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Ms Karin Sipido,
News and views on Na channels
The session gave an excellent overview on novel molecular data as well as exciting perspectives for translation of mechanistic findings to therapy.
Dr. Mike Rosen from Columbia University, New York , USA, started by reminding us of the current concept that in cardiac myocytes two types of Na channels co-exist with specific location. NaV1.5 is considered the cardiac Na channel, and is found predominantly in the intercalated disc. There it may associate with connexins and cadherin, participating predominantly in conduction of the impulse in the longitudinal fibre direction. The so-called neuronal isoform, NaV1.1 is the isoform found in the T-tubules, probably conducting the impulse throughout the cell. The skeletal muscle isoform, NaV1.4, is normally not expressed in the heart and has different properties. In particular, in contrast to NaV1.5, it will remain available even when the cell is depolarized as occurs in the border zone of a myocardial infarction. So the group explored the possibility of rescuing conduction in the border zone by expressing the skeletal Na channels in these myocytes. The hypothesis proved correct as they could show restoration of impulse conduction and also reduction of arrhythmias in a pre-clinical model. These data are still being completed with additional mechanistic studies but offer an exciting novel possibility for treatment in MI.
Dr. David Fedida from the University of British Columbia at Vancouver, Canada, presented an overview of chaperones of both K and Na channels. These proteins have emerged as regulators at different levels: the expression of channels , post-translational modification and the response of channels to stimuli such as oxidative stress or calcium. Originally described for K channels, there appears to be crosstalk between different chaperones and channels, involving both K and Na channels. NaVBeta1 interacts not only with the Na channels but also with KV4.3. In cellular expression systems, there are coordinated changes in expression of KV4.3 and Nav1.5 related to the presence of NaVBeta1. KCHiP2 on the other hand appears to be associated with the KV4.3 but not the Na channel during co-immunoprecipitation studies. Yet, suppression of KCHiP2 reduces mRNA levels for NaV1.5 revealing the different interaction at transcription and protein level. Lastly, also Ca channels appear to be modified by the KCHiP2, opening a wider area of channel regulation and interaction with similar chaperones. This is a field that is in full discovery and more functional data are on the way.
Dr. Lars Maier from the University of Goettingen, Germany, presented an overview of Na balance in heart failure and the link to Na channel regulation with potential targets for therapy. Emphasis was on the late component of Na current, the late Na current, which could be important in the increased Na load in ischemia/reperfusion and heart failure. Ranolazine is a drug that blocks the late Na current and in the experimental setting rescues damage during ischemia/reperfusion and has potential as an anti-arrhythmic at the cellular level. Myocytes from patients with chronic atrial fibrillation also appear to have an increased late Na current, though the peak current was rather decreased. This late component was, particularly in AF, very sensitive to ranolazine. In ventricular muscle strips from patients with end-stage heart failure undergoing heart transplantation, the well-known diastolic dysfunction could be improved with ranolazine, indicating a link between Na influx and balance, and diastolic Ca levels. A dichotomy between lowering diastolic Ca and preserved systolic Ca could be a therapeutic advantage though the underlying mechanisms are not yet well understood. During the discussion it emerged that we need better knowledge of the molecular nature of this late Na current which provides a unique link between the ion channel changes and the contractile function.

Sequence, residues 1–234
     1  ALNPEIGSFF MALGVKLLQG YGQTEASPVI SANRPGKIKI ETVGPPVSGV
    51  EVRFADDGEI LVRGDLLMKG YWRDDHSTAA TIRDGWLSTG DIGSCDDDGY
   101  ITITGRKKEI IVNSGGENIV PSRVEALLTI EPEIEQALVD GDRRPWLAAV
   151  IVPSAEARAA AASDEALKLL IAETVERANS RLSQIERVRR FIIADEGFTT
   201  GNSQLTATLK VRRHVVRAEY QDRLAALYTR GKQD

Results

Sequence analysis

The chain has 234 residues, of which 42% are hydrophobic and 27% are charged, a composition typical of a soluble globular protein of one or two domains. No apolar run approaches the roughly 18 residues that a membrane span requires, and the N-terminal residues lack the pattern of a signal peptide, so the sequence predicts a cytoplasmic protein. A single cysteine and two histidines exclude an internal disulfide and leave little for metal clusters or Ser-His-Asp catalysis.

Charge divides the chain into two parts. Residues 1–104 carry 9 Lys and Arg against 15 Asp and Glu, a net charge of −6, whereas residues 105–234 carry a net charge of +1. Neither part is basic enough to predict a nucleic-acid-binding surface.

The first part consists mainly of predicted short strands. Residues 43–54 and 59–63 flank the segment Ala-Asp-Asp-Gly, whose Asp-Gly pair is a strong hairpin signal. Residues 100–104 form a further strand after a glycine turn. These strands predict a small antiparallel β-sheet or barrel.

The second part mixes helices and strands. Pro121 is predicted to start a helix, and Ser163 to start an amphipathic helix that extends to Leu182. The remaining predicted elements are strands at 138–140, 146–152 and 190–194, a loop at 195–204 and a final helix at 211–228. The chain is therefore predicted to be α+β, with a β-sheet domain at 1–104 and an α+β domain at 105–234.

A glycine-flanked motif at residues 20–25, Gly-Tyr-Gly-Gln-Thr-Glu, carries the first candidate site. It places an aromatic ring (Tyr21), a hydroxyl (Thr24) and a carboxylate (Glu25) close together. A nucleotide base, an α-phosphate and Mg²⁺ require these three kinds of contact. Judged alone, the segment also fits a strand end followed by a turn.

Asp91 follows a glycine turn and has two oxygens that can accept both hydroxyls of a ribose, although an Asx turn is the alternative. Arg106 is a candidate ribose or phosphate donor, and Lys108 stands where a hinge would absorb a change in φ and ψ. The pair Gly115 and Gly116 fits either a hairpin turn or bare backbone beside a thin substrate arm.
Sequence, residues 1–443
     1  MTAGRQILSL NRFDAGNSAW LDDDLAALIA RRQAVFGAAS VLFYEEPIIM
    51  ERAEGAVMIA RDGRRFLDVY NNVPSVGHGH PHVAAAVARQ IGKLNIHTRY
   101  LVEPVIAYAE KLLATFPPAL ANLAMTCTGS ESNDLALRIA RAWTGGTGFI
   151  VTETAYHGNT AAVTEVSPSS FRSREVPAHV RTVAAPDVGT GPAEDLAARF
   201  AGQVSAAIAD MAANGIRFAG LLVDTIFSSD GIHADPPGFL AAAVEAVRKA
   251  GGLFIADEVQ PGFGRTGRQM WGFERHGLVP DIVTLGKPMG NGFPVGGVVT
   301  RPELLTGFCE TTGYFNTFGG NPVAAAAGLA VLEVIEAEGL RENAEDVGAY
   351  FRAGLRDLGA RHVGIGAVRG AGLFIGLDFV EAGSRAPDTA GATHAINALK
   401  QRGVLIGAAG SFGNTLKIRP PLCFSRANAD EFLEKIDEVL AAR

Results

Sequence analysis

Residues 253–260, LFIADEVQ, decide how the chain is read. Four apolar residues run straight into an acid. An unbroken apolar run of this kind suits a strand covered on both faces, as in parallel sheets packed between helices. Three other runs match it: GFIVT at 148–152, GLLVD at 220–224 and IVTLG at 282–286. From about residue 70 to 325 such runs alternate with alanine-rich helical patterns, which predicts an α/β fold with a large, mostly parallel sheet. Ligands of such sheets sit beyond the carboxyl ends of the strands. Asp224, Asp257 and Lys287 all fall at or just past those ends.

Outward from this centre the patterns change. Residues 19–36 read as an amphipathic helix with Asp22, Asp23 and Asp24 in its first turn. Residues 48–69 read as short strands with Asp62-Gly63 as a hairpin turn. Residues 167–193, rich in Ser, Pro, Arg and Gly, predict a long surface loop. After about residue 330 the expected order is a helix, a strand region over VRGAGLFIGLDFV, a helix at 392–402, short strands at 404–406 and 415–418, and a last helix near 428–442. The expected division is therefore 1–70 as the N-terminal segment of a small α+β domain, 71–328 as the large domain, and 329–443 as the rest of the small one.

Dr. Sebastian Maier from Wuerzburg University, Germany, gave an excellent overview of the different genetic diseases associated Na channels mutations. Originally these were recognized in arrhythmic diseases with sudden death such as the long QT syndrome 3 with gain-of-function mutations, or the Brugada syndrome, with several loss-of-function mutations described. Mutations in associated or regulatory proteins in long QT syndrome 9 and 10 also lead to a gain-of function of Na channels. Novel arrhythmic disease entities have joined the list such as progressive cardiac conduction defect and sick sinus syndrome. Novel perspectives come from association of Na channel mutations with dilated cardiomyopathy, fibrosis and conduction defects. From an overview of all known mutations and disease association it emerges that both gain- and loss-of-function mutations can give rise to a combination of phenotypes involving the sinus node, conduction and chronic remodelling. Also in the atrium, both loss-of- function as well as gain-of-function mutations may be involved in atrial fibrillation. This overview underscored the complexity of the phenotypes. Dr. Maier ended by highlighting that we may gain more insight in this complexity from the distribution of different channel isoforms throughout the heart, exciting ongoing work from his lab.
News and views on cardiac sodium channels - from bench to bedside